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The Childhood Of A Leader – Interview with writer/director Brady Corbet

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The whole thing is a ride and you’ve got to do your best to get not too excited when things seems to go very well nor to despair when things are just horrible.” – Brady Corbet

If you thought that indie cinema’s darling Brady Corbet had fallen off Hollywood’s radar, truth is the extremely talented and underrated thespian purposely chose to take his acting career on a relatively low profile. Rather than cash out on his looks and seek out to lead yet another teen dystopia franchise, Corbet picked a path of, so to speak, “minor roles” in auteurs’ films.

The reason behind this move stems from the fact that Corbet’s true calling and passion is to be a filmmaker and after working for many years as a screenwriter (not always credited) for films he sometimes also starred in (Antonio Campos’ Simon Killer is 2012), the Arizona native has finally released his feature film debut as a director, The Childhood Of A Leader, and what a debut it is!

There is nothing common or predictable about Corbet’s first feature and that’s quite a statement to make as usually debuts often tick the Sundance-y boxes of feel-good, coming of age, quirky tales. Funny enough, the film is indeed a coming of age tale but not the one you would expect. It’s a chilling, dream-like, slow-burning look at the rise of authoritarianism in the 20th century through the eyes of a young boy whose father is an American diplomat working for President Wilson in Paris.

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Inspired by the actor-turned-filmmaker’s interest in the pivotal albeit flawed Treaty of Versailles and the Interwar period it set the stage for between 1918 and 1939, The Childhood Of A Leader is a stunning, stylish debut brimming with personality and vision. Starring Liam Cunningham (Game of Thrones), Bérénice Bejo (The Artist), Robert Pattinson in yet another credit for his post-Twilight redemption and young British newcomer Tom Sweet in the title role, this is a hypnotising film that’s certainly not for everyone to stomach but that rewards its audience with an explosive outcome to its underlying and ever-mounting tension as it traces this little boy’s developing evil, tantrum after tantrum.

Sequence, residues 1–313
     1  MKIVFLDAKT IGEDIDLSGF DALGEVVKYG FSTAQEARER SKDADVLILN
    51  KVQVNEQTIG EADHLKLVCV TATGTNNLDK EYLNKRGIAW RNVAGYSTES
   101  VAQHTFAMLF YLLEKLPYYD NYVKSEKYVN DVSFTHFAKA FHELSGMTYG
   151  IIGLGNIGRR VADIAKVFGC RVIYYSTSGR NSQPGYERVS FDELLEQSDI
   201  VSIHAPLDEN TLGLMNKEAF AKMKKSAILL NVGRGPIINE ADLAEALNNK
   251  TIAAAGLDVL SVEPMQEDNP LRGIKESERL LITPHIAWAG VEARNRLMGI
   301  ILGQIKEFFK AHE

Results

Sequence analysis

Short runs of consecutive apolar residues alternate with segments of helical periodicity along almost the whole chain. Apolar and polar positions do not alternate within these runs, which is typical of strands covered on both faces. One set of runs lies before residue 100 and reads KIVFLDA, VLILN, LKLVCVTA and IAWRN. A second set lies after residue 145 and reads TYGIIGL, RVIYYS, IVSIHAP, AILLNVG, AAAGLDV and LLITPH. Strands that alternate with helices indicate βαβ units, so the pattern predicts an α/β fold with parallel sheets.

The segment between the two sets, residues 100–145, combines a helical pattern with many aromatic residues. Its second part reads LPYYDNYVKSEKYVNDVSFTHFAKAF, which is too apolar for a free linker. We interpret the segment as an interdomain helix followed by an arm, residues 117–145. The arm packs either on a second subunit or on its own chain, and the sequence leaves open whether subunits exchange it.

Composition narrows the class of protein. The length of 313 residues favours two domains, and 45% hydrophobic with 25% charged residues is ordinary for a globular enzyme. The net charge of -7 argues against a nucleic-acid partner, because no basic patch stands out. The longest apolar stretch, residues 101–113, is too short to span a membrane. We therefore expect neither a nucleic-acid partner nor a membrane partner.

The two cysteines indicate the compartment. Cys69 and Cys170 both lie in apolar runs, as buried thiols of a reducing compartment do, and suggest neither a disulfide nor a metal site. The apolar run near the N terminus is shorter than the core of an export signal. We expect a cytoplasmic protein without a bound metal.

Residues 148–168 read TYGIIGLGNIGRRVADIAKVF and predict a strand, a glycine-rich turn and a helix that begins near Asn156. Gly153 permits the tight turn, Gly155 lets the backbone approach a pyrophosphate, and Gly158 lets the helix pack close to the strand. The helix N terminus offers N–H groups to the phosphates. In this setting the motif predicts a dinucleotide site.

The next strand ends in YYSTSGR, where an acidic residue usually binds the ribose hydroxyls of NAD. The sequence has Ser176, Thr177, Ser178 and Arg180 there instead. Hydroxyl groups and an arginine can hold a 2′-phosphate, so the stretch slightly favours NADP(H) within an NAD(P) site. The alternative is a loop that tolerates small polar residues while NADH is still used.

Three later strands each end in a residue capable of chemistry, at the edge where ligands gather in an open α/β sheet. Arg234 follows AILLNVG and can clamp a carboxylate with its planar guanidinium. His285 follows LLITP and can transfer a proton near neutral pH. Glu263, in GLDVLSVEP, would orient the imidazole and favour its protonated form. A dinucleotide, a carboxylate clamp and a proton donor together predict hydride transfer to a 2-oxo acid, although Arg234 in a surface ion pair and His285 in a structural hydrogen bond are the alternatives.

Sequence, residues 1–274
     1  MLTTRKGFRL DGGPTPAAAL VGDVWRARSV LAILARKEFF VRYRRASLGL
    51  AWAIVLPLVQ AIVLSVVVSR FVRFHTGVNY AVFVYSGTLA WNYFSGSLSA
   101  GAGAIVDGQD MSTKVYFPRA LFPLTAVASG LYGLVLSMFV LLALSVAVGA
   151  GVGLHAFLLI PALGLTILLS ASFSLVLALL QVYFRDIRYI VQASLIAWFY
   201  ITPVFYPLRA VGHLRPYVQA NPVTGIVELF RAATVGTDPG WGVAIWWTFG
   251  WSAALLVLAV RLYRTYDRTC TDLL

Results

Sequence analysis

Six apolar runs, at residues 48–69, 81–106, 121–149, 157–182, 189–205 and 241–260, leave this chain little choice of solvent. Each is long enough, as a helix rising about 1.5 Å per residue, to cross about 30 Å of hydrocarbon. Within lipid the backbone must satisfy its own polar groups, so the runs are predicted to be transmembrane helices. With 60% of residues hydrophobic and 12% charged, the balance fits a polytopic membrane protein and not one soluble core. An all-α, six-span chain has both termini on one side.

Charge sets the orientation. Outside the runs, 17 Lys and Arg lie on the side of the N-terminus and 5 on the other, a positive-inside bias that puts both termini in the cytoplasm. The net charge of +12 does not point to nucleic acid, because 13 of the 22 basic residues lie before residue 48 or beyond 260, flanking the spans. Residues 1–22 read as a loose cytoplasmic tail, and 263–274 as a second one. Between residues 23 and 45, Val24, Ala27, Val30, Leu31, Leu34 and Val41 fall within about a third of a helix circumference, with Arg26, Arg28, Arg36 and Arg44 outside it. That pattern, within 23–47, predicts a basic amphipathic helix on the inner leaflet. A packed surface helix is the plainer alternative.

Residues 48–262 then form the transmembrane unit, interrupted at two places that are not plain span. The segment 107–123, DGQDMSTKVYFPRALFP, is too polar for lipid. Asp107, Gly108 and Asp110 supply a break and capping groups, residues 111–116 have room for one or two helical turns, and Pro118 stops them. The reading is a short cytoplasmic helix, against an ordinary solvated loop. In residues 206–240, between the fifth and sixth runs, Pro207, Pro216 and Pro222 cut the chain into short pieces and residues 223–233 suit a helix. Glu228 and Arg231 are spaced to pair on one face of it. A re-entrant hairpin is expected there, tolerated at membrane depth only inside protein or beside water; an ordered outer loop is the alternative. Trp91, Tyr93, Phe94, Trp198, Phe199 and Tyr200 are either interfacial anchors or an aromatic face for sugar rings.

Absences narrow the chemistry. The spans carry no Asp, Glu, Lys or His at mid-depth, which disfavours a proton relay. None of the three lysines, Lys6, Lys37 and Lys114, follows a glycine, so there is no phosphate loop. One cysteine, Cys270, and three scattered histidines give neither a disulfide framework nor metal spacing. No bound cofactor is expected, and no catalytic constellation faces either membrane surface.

We spoke with Corbet on the phone from Los Angeles for a good half hour and the brilliant auteur-in-the-making, who has just turned 28 this week, graciously gave us a generous insight into his outstanding first film, inevitably starting with where “the directing bug” came from.

When I was a kid I always assumed that I would make films one way or another. I always planned to make my own films and actually at one point I planned to make this one much sooner but the screenplay was rejected from the Cannes residence and such programs, which was kind of disheartening. Then, I decided to go and make the film anyway and when I really focused on it, it took several years before we could see it come to life because we had so many problems. However I’m happy the film didn’t get made when I was 18 as now it’s a much better movie than it could’ve been, especially because it was worth the wait in order to find (lead actor) Tom Sweet. One year earlier and he would’ve been too young for the role. I guess sometimes you have to put your faith in life that things will happen as they should although the road to get there was quite painful.”

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A key moment for Corbet in the path to making his directorial debut a reality was meeting Norwegian actress Mona Fastvold (Love And Other Impossible Pursuits) and help her write her own directorial debut, indie drama The Sleepwalker (2014) that Corbet also co-starred in. From friends and collaborators Fastvold and Corbet became partners in life as well and recently welcomed a daughter.

Corbet reveals that when he decided to pick the script back up, ignore the previous rejections and set out to make it on his own, Fastvold breathed new life into the project.

When I had started to work on it many years ago, I had written the sequences up until the priest’s sermon which happens about 40 minutes into the film and I was very stuck on this sermon for a long time. It was one of those things where you come at a crossroad and can’t quite figure out how much personal, historical, political detail, to include and I basically just stopped there. Mona looked at everything and thought that the movie was missing a character. So we added the loving and caring French maid played by Yolande Moreau which didn’t exist at all in the previous draft and that’s actually why she’s called Mona by the way. I know this isn’t the warmest movie ever made but the bit of warmth in there is definitely due to Mona’s contribution. I have a rather theoretical approach and at times it can be a bit suffocating of a narrative. Mona grew up performing Ibsen and such when she was very young and she’s classically trained and actually I think all that classical know-how is what gave the film its sort of classical feel. It was one of those cases when one night at dinner I was telling her how the rest of the story was supposed to be in detail and she was like: just finish it for Christ’s sake! So we sat down and we finished it together.

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Getting the script to the right stage was just the tip of the creative iceberg for Corbet, who faced many challenges in order to produce a period piece set in between the two World Wars, shot on 35mm film as his feature debut.